Earlier today, FUNimation announced that they were recalling the latest shipment of Dragon Ball Z Set Three. At a first glance, this seems benign. After all, this is a simple production error, which could happen in any industry. Besides, the Dragon Boxes are out, which offer superior audio and video quality. Anybody that buys these old sets would have to be crazy, right? Wrong. This logic is a bit flawed, for a couple of reasons.
First and foremost, this is the second FUNimation recall in two months. The first being the Birdy the Mighty: Decode recall that hit. While it may just be two isolated incidents, Chad Kime said it best: give anime fans a reason to stop buying your product, and they will. While many fans at this point won’t bother to buy a several year old set in lieu of the shiny new Dragon Box, it’s possible that this will be used as another strike for the pirates, and another bitching point for the detractors. After all, people are negative creatures. They’ll be more apt to remember a company’s missteps over the things it does right.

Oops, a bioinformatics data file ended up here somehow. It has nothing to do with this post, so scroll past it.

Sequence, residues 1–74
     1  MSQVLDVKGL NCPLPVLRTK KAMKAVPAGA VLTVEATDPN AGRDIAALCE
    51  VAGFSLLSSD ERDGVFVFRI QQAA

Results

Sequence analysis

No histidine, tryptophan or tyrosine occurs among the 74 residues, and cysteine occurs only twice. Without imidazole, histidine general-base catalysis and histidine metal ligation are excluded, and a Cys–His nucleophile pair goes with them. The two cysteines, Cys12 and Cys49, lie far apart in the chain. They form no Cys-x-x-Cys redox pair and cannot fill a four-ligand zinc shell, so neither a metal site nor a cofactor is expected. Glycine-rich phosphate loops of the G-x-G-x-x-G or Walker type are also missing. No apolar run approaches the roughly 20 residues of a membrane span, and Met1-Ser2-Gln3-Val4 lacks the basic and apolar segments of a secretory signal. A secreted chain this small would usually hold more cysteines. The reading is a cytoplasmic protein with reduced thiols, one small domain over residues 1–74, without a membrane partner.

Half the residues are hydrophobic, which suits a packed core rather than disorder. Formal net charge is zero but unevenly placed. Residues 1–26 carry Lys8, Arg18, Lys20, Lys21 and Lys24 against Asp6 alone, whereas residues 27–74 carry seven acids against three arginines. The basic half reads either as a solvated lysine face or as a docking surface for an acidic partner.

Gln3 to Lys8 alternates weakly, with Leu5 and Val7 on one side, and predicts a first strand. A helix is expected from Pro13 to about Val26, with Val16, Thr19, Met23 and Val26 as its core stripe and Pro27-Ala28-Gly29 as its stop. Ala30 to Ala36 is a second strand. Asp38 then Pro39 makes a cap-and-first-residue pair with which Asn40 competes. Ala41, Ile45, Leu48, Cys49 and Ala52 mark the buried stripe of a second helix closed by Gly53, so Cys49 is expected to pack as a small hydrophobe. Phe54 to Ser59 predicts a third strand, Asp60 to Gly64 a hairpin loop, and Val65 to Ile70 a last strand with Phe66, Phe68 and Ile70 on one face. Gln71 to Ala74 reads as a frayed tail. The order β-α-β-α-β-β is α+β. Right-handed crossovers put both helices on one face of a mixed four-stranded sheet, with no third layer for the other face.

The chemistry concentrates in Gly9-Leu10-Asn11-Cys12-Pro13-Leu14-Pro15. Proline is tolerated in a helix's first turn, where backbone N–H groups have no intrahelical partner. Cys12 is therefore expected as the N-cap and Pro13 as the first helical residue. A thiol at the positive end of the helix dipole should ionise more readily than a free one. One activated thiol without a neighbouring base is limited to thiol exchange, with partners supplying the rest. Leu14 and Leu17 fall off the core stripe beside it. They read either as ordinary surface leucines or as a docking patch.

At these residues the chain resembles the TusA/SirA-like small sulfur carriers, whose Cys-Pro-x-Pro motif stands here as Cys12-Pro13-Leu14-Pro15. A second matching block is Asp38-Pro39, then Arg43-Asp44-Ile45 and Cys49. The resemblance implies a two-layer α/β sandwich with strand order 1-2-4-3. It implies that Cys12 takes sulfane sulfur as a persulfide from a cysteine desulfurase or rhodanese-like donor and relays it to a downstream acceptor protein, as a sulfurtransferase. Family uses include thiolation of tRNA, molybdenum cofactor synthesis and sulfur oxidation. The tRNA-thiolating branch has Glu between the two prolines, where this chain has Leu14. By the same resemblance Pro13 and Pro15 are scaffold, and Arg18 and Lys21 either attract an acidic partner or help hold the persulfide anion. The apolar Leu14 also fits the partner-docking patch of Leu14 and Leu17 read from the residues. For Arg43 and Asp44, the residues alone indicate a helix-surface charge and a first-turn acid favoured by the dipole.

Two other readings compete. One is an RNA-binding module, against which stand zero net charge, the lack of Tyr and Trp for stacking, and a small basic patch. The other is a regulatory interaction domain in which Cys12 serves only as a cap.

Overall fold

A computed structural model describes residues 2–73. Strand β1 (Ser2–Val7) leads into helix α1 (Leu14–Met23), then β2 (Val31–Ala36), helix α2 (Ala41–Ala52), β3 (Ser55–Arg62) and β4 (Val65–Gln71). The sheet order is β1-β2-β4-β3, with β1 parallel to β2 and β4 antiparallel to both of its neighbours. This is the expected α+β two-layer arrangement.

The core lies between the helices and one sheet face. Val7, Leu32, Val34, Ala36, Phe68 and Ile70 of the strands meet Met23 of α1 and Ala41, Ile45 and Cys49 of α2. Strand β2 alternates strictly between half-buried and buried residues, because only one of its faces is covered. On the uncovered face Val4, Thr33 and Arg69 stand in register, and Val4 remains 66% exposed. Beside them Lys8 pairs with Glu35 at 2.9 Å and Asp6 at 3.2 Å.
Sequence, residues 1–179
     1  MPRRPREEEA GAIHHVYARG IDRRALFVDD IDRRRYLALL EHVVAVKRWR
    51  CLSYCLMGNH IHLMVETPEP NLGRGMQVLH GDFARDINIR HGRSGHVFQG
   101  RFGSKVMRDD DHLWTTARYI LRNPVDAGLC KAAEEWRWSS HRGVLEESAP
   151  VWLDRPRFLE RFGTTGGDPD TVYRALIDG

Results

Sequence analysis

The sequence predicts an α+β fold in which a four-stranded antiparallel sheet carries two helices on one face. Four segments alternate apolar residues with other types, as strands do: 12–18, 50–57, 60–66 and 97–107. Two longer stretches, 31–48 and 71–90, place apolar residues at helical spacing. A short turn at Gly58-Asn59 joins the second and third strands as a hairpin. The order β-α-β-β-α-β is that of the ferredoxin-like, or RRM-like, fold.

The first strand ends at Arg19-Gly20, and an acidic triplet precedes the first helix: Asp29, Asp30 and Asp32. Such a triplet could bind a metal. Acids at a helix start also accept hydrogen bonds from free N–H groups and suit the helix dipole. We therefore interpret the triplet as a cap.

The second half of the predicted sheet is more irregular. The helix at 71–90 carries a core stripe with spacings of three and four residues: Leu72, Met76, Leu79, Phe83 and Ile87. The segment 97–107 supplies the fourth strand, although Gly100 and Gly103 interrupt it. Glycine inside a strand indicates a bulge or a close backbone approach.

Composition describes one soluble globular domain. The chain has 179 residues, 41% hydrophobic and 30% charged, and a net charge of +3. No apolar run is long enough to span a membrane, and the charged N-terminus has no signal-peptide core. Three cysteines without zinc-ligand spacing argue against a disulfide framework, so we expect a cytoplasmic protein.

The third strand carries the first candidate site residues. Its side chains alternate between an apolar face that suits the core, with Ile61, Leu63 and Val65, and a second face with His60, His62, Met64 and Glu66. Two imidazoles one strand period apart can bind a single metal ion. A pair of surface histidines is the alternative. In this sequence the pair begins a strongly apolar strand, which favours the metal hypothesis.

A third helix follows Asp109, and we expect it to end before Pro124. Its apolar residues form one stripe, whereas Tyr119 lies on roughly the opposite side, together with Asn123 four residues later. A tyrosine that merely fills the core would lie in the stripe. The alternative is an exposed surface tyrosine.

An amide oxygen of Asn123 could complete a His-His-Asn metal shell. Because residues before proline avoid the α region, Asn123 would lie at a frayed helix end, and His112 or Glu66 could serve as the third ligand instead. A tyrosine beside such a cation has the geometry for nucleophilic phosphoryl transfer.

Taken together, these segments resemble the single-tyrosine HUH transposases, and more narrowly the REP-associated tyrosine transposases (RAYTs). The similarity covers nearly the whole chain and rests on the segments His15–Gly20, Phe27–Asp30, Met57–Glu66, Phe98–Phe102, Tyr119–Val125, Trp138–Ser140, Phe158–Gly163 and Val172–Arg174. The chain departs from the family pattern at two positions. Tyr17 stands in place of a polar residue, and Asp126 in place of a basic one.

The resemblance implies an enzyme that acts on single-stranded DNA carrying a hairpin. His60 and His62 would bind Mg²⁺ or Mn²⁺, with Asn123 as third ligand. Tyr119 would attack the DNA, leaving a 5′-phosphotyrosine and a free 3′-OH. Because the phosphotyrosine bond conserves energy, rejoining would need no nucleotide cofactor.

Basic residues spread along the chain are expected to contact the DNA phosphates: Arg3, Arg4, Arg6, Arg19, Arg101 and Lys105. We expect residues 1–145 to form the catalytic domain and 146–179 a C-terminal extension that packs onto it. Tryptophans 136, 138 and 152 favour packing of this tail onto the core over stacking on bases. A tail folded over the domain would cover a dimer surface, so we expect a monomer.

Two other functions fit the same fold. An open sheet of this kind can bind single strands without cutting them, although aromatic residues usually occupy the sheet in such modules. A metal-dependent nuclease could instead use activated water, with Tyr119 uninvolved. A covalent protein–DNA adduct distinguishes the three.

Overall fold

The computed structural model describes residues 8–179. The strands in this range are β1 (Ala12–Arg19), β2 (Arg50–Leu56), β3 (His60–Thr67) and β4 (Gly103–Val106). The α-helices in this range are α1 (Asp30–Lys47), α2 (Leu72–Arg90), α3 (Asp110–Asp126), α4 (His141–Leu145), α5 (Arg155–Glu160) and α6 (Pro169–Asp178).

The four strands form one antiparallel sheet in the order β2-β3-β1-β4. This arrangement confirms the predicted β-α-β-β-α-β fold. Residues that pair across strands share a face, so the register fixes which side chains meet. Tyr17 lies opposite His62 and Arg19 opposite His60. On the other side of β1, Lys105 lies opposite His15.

The more important point to note is that, while the Dragon Boxes are now out, these original sets are still being heavily stocked by the general retailers like Target, Wal-Mart, and so on. FUNimation’s official statement was that a few thousand copies were recalled. This in particular is an impressive figure, when you consider how many shows fail to sell more than a few hundred copies. In addition, they’re cheap. Current retail price for the original, “orange-box” sets is $19.99 in most outlets, as opposed to the Dragon Boxes’ $44.98-$59.98.
So, while many will ask why these original sets are still available, one has to remember that they’re being marketed as impulse buys in the kid DVD sections of a lot of stores. After all, they’re cheap, they’re animated, and they have the allure of being “uncut” that appeals to a lot of teens and tweens. And, frankly, when a kid gets a “broken” DVD, their parents will be less likely to invest in the subsequent volumes.
FUNimation is taking the right steps by offering replacements. However, I hope that this is the last of the company’s misfortunes, so that the situation blows over sooner rather than later.
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